Moreover, to become part of such a community is to convert. The church is not a social movement with indeterminate, porous boundaries. It remains a people bound by covenant to the creator God, and the same terms and conditions apply. Baptism into such symbolic missional communities entails repentance from sin, from participation in an unjust system, it entails faith in the one who is Lord over all régimes, it entails reception of the dynamic, inventive, prophetic Spirit that always gives shape and character to the people of God, and it entails hope in the final victory of God over the enemies of his creation, including the last enemy death.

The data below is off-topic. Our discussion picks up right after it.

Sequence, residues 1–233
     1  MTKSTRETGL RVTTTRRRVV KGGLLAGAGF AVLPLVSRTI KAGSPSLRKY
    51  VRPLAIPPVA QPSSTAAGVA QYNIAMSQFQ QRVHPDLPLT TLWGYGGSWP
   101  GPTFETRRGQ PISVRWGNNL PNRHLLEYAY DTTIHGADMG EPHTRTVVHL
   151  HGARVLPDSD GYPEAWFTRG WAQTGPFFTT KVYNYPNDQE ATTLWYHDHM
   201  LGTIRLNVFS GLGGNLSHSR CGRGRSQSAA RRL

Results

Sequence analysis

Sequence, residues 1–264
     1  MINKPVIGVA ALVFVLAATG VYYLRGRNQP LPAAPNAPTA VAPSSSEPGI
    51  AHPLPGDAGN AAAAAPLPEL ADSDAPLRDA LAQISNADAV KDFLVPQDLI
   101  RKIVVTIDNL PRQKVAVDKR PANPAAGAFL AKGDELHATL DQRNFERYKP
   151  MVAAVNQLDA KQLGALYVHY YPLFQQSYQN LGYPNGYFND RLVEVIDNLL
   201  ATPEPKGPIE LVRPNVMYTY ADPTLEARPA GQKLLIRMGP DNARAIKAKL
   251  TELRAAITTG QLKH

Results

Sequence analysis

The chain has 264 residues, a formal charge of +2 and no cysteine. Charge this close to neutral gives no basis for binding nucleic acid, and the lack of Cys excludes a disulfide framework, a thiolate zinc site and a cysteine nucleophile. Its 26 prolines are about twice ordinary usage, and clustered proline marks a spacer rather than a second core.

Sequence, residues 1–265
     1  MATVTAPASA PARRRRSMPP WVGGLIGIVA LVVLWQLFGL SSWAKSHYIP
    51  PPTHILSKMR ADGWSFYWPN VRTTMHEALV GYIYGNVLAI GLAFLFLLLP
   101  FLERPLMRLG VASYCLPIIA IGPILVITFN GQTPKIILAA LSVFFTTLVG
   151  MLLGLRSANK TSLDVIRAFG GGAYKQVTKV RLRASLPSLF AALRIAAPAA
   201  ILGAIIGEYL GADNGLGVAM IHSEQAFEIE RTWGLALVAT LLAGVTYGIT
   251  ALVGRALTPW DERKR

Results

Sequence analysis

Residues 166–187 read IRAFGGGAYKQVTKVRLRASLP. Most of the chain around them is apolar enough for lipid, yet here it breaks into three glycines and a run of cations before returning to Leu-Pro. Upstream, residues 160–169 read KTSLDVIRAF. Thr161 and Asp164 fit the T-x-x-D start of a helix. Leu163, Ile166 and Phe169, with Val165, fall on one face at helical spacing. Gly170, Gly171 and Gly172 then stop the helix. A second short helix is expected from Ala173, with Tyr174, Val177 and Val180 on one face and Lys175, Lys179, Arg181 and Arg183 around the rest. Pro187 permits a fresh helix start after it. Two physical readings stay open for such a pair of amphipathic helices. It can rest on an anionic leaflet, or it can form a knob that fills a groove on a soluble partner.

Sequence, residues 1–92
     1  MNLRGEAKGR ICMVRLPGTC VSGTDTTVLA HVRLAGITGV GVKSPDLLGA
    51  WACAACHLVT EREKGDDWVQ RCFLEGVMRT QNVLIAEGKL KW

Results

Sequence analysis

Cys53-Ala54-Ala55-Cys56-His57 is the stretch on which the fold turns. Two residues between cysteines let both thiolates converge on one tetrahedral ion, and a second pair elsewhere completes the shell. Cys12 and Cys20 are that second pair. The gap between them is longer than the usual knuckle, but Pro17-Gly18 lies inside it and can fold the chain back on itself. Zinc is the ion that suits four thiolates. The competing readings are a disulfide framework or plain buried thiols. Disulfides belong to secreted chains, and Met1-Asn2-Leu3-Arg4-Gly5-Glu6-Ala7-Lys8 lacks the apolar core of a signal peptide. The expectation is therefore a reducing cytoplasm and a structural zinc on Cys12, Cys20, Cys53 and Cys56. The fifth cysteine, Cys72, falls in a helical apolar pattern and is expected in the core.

The difference is that the community’s life and practices – worship, teaching, prayer, discipleship, activism – are no longer centred around the personal relationship with God. They have been reconfigured around the corporate relationship with a God of justice – and I would suggest that this dynamic gives us the primary sense in which the church is missional.
The small gospel of personal salvation is subordinate to, included in, presupposed by, the big gospel that the creator God is not stuck in the past, that he remains faithful to his people, and that – in Paul’s language – he will be shown to be righteous, he will be justified. The challenge to the post-evangelical church now is to work out how to tell that big good news well.